Probing Delusions Wrought by Oslo

Even as a young man – even before he was a teenager – Dr. Kenneth Levin recalls having an intense interest in Israel and the Middle East.

But it was just this summer – after years of writing articles about it primarily for Jewish papers and Hebrew journals – that Levin, also a psychiatrist in private practice, published his first book on Israel.

The Oslo Syndrome: Delusions of a People Under Siege, as well as how the media covers the Mideast in general, will be the topic Sept. 26 when Levin and his wife, Andrea Levin, make a stop in Philadelphia. The duo will be guest speakers at a free event sponsored by the Center for Israel and Overseas of the Jewish Federation of Greater Philadelphia and the Middle East Forum's Robert Guzzardi Lecture Series.

Andrea Levin heads the Committee for Accuracy in Middle East Reporting in America – better known as Camera – an organization dedicated to promoting accurate and balanced reportage about Israel and the Middle East. She will speak about how Philadelphia media sources – most specifically, The Philadelphia Inquirer and the local National Public Radio station – cover the topic.

The Levins "complement each other," said Asaf Romirowsky, Israel Affairs associate for the Center for Israel and Overseas. "Our goal is to educate the community on media inaccuracy and what's taking place in Israel. It's a two-prong issue."

Ken Levin said that at the lunchtime event to be held at Federation's Center City headquarters, he will focus on the subject of his book: Why Jews chose to believe in the Oslo negotiations even though terrorism persisted, and how they can avoid such dangerous complacency from cropping up again.

With a medical degree in psychiatry and a doctorate in 19th-century European history, Levin combines his two disciplines to analyze the psyche of what he calls "an abused nation."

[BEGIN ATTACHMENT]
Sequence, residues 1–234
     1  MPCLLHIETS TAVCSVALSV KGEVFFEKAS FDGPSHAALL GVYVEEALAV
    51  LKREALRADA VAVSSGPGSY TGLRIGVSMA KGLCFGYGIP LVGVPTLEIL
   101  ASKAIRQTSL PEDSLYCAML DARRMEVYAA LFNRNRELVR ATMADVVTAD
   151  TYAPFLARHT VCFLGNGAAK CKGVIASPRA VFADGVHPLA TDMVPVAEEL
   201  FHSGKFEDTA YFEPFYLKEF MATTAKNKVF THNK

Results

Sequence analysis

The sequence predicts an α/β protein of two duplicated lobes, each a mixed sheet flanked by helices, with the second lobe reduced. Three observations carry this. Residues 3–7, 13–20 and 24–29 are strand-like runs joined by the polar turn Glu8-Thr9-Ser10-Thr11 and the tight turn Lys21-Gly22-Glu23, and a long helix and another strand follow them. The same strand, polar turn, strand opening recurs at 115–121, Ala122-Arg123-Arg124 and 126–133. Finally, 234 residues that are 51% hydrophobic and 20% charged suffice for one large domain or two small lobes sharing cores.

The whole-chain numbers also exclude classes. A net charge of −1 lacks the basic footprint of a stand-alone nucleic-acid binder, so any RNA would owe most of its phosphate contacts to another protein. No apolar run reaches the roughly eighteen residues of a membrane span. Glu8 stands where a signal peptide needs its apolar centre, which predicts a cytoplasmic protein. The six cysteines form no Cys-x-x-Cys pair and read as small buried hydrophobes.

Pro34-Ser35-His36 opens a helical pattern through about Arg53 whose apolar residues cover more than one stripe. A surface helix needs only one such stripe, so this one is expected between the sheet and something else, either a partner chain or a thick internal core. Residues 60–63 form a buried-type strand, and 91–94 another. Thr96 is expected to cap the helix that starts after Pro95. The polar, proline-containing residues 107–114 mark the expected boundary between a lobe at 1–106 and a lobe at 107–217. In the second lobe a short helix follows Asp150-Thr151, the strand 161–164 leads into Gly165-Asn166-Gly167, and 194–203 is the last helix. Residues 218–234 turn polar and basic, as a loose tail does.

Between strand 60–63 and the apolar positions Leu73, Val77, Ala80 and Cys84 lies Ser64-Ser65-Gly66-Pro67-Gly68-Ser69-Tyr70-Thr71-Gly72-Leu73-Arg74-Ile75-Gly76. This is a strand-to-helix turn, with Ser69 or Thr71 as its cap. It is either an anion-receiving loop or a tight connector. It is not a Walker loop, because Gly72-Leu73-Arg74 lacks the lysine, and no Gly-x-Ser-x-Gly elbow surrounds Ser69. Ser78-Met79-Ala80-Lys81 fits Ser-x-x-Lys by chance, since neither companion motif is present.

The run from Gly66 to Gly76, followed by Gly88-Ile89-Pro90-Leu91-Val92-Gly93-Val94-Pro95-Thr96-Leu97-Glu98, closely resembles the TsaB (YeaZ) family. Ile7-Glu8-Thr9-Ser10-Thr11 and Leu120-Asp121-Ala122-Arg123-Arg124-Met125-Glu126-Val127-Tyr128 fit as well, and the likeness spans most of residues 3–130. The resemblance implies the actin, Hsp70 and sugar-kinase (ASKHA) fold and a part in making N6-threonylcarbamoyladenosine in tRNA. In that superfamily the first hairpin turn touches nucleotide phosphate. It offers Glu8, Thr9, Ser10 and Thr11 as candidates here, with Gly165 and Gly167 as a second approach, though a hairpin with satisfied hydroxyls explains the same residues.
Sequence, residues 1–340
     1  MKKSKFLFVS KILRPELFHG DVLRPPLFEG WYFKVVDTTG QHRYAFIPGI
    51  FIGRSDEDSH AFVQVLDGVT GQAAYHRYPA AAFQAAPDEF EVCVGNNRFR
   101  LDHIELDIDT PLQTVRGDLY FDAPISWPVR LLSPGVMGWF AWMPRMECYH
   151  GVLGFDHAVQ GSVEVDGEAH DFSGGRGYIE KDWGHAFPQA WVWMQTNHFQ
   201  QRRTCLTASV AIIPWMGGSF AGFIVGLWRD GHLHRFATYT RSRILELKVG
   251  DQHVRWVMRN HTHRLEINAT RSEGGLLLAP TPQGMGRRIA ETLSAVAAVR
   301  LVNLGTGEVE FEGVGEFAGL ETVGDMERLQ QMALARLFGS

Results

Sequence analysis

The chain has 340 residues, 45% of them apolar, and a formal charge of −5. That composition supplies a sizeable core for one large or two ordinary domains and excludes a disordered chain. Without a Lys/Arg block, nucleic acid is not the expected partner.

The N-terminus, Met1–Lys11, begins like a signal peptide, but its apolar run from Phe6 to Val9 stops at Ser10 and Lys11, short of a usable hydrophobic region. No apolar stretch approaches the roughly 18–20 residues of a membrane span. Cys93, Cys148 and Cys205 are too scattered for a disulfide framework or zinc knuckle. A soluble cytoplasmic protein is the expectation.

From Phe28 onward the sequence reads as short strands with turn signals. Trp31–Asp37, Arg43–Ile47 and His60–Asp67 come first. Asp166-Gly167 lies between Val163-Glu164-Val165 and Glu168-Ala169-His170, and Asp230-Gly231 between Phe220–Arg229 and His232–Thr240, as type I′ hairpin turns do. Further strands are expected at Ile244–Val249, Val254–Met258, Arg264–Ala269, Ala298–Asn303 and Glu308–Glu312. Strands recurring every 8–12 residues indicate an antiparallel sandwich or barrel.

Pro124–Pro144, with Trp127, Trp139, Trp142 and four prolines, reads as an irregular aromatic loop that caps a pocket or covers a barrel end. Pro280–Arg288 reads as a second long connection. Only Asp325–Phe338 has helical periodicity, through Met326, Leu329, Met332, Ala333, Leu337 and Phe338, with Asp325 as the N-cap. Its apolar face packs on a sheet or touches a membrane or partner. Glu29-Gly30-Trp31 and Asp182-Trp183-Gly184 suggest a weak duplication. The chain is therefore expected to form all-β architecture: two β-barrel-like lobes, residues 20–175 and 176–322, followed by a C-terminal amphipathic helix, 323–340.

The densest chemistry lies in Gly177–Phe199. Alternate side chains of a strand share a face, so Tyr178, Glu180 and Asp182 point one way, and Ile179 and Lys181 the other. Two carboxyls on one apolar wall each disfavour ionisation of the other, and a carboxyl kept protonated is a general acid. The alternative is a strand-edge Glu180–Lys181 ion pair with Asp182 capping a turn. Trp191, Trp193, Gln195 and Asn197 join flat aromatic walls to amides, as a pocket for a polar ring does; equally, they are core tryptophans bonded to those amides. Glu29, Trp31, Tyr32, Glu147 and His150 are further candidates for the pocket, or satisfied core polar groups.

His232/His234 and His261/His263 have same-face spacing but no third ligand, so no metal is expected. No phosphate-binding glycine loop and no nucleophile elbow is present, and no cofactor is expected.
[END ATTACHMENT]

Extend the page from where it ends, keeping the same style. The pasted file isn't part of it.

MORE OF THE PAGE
'Close Their Eyes'
The 61-year-old, who has a private practice in Boston and also teaches at Harvard Medical School, said that he's been told his South Philadelphia upbringing has imparted a certain common-sense approach to him, making him more disinclined to fit in and more willing to express possibly unpopular views.

He stated that American Jews have the responsibility to help alleviate some of the demoralization experienced by Israelis, who Levin theorizes "absorb the indictments of the attackers in the hopes that they will leave [them] alone."

He said that the Jewish community should fight anti-Jewish bigotry, and also be constantly aware of the anti-Jewish notions taught in Palestinian schools and mosques, and voiced repeatedly by Muslim leaders.

He pointed out that although there was some coverage of the teaching of hatred and intolerance in the aftermath of the Sept. 11 attacks, media outlets have once again been lax in disclosing the anti-Israel and anti-American sentiments still prevalent in the region.

"It's not a matter of American Jews having to think of Jewish issues or Israel first. I'm concerned when there are threats to Israel and people want to close their eyes to it," he said.

"In some ways, it's more comfortable to ignore it. People prefer to not rock the boat, but if you care about Israel and Jewish life, then you ought to be mindful of problems that undermine [all] Jewish communities."

To learn more about the event, call 215-832-0537.



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